UBC Theses and Dissertations
Incompressible viscous flow in tubes with occlusions Huang, Huaxiong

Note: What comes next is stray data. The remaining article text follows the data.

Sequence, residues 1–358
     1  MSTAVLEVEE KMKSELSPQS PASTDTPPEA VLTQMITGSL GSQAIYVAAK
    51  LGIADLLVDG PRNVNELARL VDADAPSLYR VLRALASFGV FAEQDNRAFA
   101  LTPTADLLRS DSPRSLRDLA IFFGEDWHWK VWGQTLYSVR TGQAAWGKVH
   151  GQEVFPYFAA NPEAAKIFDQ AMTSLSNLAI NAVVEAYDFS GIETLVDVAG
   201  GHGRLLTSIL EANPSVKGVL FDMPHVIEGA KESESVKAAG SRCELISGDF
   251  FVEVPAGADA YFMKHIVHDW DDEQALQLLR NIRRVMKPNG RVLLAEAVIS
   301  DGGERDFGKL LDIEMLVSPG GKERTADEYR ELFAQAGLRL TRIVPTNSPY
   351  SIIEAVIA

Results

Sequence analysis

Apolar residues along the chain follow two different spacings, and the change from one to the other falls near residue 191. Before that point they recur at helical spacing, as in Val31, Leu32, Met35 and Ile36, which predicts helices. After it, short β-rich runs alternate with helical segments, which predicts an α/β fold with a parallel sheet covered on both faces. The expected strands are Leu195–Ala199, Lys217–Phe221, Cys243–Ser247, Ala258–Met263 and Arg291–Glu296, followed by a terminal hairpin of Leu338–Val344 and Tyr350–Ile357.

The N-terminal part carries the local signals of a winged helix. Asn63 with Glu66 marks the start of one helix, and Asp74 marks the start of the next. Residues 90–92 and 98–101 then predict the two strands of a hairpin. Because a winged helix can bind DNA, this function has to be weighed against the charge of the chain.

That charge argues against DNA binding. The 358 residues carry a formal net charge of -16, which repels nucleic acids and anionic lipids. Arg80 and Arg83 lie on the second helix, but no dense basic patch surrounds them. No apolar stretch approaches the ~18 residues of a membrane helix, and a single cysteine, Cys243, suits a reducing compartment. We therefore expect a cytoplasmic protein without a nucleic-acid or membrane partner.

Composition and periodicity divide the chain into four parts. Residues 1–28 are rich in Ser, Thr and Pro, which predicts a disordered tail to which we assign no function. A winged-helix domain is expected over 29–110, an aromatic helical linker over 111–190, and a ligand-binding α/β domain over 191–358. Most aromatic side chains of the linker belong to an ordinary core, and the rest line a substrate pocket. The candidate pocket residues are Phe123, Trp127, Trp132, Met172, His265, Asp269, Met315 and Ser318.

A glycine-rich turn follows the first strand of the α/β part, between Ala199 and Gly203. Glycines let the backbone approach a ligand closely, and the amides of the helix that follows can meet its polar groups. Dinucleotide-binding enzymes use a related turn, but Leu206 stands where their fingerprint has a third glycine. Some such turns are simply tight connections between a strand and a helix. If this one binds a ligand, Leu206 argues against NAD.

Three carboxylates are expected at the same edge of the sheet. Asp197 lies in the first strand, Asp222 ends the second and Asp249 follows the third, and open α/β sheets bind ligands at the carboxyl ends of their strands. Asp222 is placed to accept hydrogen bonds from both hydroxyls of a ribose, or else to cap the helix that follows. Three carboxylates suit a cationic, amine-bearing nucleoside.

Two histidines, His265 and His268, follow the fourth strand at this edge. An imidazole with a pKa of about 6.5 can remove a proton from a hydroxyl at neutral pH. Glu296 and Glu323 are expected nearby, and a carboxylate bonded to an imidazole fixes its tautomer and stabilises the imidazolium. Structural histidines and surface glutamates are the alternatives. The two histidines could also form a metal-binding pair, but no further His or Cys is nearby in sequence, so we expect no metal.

Viscous, incompressible flow in tubes with partial occlusion is investigated using numerical and experimental procedures. The study is related to the problem of atherosclerosis, one of the most common diseases of the circulatory system. One of the computational difficulties in solving the incompressible Navier-Stokes equations is the lack of pressure or vorticity boundary conditions. A finite difference approach, referred to as the interior constraint (IC) method, is proposed to resolve this difficulty. As a general numerical method, it is formulated for both the stream function-vorticity and primitive (physical) variable formulations. The procedure is explained using onedimensional model with extensive numerical tests presented for two-dimensional cases including flow in a driven cavity, and flow over a backward facing step. Results are obtained with second-order accuracy. Next, the IC method is applied to flow in a tube with an occlusion, which is used as the model for blood flow in stenosed arteries in the study of the pathology of atherosclerosis. Numerical results are obtained for both steady and pulsatile flows. Results are compared with those of S I M P L E , one of the commercially available numerical algorithms. The pulsatile flow study revealed several interesting new features. It suggests that the high shear stress is not likely to initiate atherosclerosis lesions. The recirculation region, which is a prominent feature of the unsteady flow, is more likely to cause the initiation and development of the disease. Experimental measurements for steady flow complement the numerical study and show qualitative agreement.
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